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Yesterday I went over to Allison BMW for their 3-series launch party. My main reason for going there was that I figured they would have lots of good free food -- gotta justify the high cost of my car somehow.

06-03-05.umbrella.small.jpgThe most striking impression I had about the new 3-series had nothing to do with the exterior -- BMW really Americanized and IKEA'd the interior of this car. The defining moment in this realization was when I noticed that for only $60 you can get an umbrella holder for the front passenger seat (comes with umbrella). Also, if five cup-holders aren't enough, the ski-bag add-on has been modularized; you can snap-in a storage module or two extra drink holders (in case your backseat passengers need 4 cupholders).

In the trunk they offer four optional mat accessories (anti-slip, fitted luggage, tray, and all-weather) as well as seven storage add-ons (grocery holder, drawer, tensioning straps, collapsible box, brackets, floor net, and organizer). Other interesting/odd options include: * coat hanger that mounts to the back of the head rest ($30) * remote control for your house lights ($79) * bicycle lift for your roof rack ($330) * two different attachable map lights ($25/$38) and a 'portable pocket lamp' that recharges in the cigarette adapter.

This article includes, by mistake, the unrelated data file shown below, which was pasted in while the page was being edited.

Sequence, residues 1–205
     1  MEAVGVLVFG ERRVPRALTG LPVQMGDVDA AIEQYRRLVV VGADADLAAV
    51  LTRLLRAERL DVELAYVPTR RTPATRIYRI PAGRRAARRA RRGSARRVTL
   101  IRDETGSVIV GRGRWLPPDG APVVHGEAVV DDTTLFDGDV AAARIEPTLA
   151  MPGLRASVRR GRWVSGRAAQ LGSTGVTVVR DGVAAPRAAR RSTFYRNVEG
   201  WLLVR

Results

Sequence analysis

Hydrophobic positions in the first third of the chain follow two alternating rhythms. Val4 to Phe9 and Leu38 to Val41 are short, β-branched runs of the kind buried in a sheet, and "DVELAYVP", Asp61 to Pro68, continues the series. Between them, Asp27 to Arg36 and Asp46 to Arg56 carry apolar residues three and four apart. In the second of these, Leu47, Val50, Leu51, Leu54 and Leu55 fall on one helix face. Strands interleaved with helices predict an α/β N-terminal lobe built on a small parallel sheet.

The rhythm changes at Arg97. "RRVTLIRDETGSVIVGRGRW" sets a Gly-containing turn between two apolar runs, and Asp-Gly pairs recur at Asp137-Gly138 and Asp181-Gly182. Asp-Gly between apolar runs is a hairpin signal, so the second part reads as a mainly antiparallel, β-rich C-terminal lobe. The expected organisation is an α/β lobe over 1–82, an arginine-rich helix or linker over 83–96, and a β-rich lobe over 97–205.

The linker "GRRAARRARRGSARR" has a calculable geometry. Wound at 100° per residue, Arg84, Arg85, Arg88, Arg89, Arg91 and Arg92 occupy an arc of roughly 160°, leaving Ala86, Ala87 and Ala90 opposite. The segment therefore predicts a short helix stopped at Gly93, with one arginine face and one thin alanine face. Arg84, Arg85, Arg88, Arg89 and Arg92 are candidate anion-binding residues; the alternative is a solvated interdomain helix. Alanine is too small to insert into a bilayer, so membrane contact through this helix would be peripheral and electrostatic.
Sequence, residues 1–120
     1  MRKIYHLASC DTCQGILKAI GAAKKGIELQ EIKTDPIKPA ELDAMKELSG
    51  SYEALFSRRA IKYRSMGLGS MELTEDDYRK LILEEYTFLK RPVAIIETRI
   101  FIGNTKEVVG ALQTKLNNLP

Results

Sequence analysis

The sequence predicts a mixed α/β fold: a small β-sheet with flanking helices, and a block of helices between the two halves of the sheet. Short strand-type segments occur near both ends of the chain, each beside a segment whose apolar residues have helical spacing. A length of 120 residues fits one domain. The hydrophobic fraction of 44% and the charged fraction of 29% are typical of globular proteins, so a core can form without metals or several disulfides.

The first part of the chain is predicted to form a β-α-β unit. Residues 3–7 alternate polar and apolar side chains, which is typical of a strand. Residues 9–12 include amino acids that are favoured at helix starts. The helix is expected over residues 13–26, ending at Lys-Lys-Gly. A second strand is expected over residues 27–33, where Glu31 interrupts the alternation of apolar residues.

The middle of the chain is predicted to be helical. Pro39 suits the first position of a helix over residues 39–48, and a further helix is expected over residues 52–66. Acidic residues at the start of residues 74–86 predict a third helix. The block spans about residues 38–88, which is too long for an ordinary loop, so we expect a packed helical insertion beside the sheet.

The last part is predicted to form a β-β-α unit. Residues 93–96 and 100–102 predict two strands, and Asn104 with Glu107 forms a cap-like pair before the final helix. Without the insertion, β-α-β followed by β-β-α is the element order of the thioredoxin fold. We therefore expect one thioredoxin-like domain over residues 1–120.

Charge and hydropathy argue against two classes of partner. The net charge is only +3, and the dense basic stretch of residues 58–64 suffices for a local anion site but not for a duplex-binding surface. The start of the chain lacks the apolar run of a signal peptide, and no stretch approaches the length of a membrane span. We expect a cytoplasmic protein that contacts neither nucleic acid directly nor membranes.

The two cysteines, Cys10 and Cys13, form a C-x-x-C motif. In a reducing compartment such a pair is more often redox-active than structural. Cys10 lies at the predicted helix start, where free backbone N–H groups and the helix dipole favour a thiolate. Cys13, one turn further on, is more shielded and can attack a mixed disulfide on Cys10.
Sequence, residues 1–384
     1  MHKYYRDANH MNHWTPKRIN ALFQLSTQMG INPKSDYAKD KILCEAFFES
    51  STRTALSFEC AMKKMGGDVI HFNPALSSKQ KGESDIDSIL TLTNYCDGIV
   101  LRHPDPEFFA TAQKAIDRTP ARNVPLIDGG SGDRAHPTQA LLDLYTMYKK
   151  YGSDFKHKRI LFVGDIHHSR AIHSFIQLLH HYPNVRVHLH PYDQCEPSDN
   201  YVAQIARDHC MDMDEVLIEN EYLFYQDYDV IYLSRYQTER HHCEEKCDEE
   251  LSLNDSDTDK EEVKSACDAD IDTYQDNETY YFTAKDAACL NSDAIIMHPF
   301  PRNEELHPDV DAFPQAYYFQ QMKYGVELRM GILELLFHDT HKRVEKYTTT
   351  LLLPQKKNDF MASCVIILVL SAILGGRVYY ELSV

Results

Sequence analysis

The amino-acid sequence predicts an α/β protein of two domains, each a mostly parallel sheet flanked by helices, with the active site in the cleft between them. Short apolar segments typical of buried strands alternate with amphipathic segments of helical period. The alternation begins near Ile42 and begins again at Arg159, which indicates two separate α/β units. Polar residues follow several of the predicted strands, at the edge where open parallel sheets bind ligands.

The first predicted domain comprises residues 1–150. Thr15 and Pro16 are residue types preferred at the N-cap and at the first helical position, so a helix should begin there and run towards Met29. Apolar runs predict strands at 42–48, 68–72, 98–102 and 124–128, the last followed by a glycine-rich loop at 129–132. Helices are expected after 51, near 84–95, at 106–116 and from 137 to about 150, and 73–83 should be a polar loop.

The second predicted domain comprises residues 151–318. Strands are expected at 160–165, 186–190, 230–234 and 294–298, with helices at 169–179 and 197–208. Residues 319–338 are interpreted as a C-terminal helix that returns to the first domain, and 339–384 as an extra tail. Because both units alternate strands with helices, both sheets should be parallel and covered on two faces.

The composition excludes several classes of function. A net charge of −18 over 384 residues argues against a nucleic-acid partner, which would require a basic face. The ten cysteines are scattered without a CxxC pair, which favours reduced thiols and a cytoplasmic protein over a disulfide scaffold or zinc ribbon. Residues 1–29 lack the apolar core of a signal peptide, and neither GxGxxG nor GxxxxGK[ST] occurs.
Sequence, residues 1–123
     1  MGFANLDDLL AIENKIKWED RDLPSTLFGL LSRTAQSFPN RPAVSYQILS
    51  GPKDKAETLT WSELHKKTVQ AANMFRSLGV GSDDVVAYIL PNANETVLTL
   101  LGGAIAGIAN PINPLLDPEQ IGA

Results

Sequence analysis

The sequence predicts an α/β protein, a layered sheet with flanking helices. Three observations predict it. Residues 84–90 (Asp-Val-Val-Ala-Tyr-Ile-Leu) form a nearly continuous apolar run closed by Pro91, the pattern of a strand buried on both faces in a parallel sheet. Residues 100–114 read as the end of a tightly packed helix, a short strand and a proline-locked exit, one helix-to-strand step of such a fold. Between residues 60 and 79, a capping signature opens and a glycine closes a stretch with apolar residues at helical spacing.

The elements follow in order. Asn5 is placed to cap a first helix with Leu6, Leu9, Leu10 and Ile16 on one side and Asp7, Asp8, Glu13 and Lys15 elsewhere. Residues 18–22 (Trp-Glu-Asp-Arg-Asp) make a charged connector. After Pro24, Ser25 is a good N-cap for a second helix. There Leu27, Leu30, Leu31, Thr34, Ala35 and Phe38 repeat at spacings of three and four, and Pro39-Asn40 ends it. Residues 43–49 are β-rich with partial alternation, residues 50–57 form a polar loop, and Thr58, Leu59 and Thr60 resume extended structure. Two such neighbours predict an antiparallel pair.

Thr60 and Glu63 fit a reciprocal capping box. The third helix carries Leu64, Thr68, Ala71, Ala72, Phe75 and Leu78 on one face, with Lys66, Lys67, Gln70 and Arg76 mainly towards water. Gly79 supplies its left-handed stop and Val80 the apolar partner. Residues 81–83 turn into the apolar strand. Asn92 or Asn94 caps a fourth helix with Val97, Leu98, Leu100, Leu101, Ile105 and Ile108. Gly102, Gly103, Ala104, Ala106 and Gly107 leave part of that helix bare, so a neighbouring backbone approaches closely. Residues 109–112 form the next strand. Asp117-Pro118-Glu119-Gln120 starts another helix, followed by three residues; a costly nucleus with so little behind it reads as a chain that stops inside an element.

The only additional that really mattered to me was that they added a line-in and cigarette adapter under the console arm-rest. Lift up the cover and you can't help but picture your iPod nesting comfortably there feeding you good tunes.

[caveat: they've probably had a lot of these options for some time now -- I couldn't afford the accessories market when I bought my car in 2001 -- but seven cupholders???]

Comments (1)

M Author Profile Page:

I smell focus group all over these accessories.

These are definitely features that BMW North America would advertise because of the mindset of the American consumer, but I have a feeling these options and accessories are less popular in the European countries.

Germans tend to have a "no frivolous features" philosophy when it comes to features in cars. Part of it comes from the Autobahn, but I've also heard repeatedly that they also believe that driving is about driving, not driving while we chat on cellphones or drink coffee or eat a Big Mac or read the paper...

It's the accessory strategy. Once you buy the car, you may have to buy the accessories someday, and if BMW doesn't sell them to you, someone else will.

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